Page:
Maurer Mounts Stout Challenge, Gray Sisters Prevail, Ken Johnson Falls, and Other Highlights from the City Council Primaries


  • Courtesy Rebecca Maurer

CLASH attorney and neighborhood activist Rebecca Maurer nearly defeated incumbent Anthony Brancatelli in the Ward 12 City Council primary Tuesday. Maurer fared best among candidates taking on incumbents, winning 42% of the vote, compared to Brancatelli's 46%.

The results in the Slavic Village-Old Brooklyn ward, one of only two Cleveland wards that occupy both sides of the Cuyahoga, promise a fierce November runoff in which Brancatelli can be expected to marshal his clout and council resources to fend off the justice and transparency advocate, who launched her campaign with a public engagement pledge that other progressive challengers embraced. Maurer's primary success suggests that with a tireless ground game — she has been canvassing Ward 12 on a nightly basis for months — incumbents can indeed be effectively dislodged, or at least made extremely uncomfortable.

Ward 5 was the only other ward where an incumbent did not win decisively. There, Delores Gray, who was appointed to replace Phyllis Cleveland only a few months ago, narrowly defeated Richard Starr, who ran in 2017. Starr, 32, grew up in the King-Kennedy housing complex and received the endorsement of the PD/ editorial board, though Gray refused to participate.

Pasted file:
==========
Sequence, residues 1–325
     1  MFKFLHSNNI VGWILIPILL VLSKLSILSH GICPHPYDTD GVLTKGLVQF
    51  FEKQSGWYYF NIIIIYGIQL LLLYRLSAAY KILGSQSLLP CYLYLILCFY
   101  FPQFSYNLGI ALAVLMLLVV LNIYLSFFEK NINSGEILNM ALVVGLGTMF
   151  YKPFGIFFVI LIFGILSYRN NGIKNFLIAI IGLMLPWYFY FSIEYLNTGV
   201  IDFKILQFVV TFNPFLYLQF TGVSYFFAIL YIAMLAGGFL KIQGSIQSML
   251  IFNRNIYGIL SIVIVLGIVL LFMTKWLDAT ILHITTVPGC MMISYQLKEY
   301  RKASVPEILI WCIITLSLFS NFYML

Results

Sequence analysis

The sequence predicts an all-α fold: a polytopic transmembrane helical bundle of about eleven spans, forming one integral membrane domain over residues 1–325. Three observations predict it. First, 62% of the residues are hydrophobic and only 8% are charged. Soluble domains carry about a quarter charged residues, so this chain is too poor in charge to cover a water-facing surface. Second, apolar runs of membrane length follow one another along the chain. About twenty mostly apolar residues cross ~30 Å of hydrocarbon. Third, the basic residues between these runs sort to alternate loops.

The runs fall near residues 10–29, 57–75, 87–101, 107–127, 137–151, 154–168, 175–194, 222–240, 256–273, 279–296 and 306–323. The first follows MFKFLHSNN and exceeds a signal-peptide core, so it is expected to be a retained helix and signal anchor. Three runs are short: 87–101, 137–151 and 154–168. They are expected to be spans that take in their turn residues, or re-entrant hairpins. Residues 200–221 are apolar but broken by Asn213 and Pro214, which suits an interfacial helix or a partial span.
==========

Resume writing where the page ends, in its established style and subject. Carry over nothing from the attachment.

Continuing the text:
If Gray defeats Starr in November, Cleveland could see twin sisters on council for the first time ever. Gray's sister Deborah was the top vote-getter in Ward 4. She'll go head to head with librarian Erick Walker in the November general. Both have received a number of endorsements from neighborhood groups.  Disgraced councilman Ken Johnson, who will be sentenced next month for his thefts in office, remained on the ballot there. He came in fifth out of 11 candidates, though could not have served even if he'd won, due to his felony conviction.

Ward 11 featured an incumbent who was recently appointed as well. Brian Mooney managed to collect 46% of the vote in the low turnout west side ward, but could face a stiff challenge from educator Michael Hardy (29%), especially if Hardy can consolidate support from third-place finisher Donna Woods (25%).

Ward 7 featured two known quantities in Hough: statehouse Rep. Stephanie Howse and former councilman TJ Dow. Both will advance to the general, though neither eclipsed 30% of the ward vote. With 11 candidates in the primary race, they'll have their work cut out for them. 

In the other races, incumbents won handily. In Ward 1, incumbent Joe Jones (66%) will face Kimberly Brown (27%) in the runoff. In Ward 2, incumbent Kevin Bishop (74%) will go up against Monique Moore (13%). In Ward 3, incumbent Kerry McCormack will take on young environmentalist Ayat Amin (20%). In Ward 8, council artifact Mike Polensek (77%) will go head to head with Black Lives Matter activist Aisia Jones (17%). And in Ward 17, Charles Slife (57%) must withstand another frontal assault from West Park's own Mary Kathleen O'Malley (29%). 

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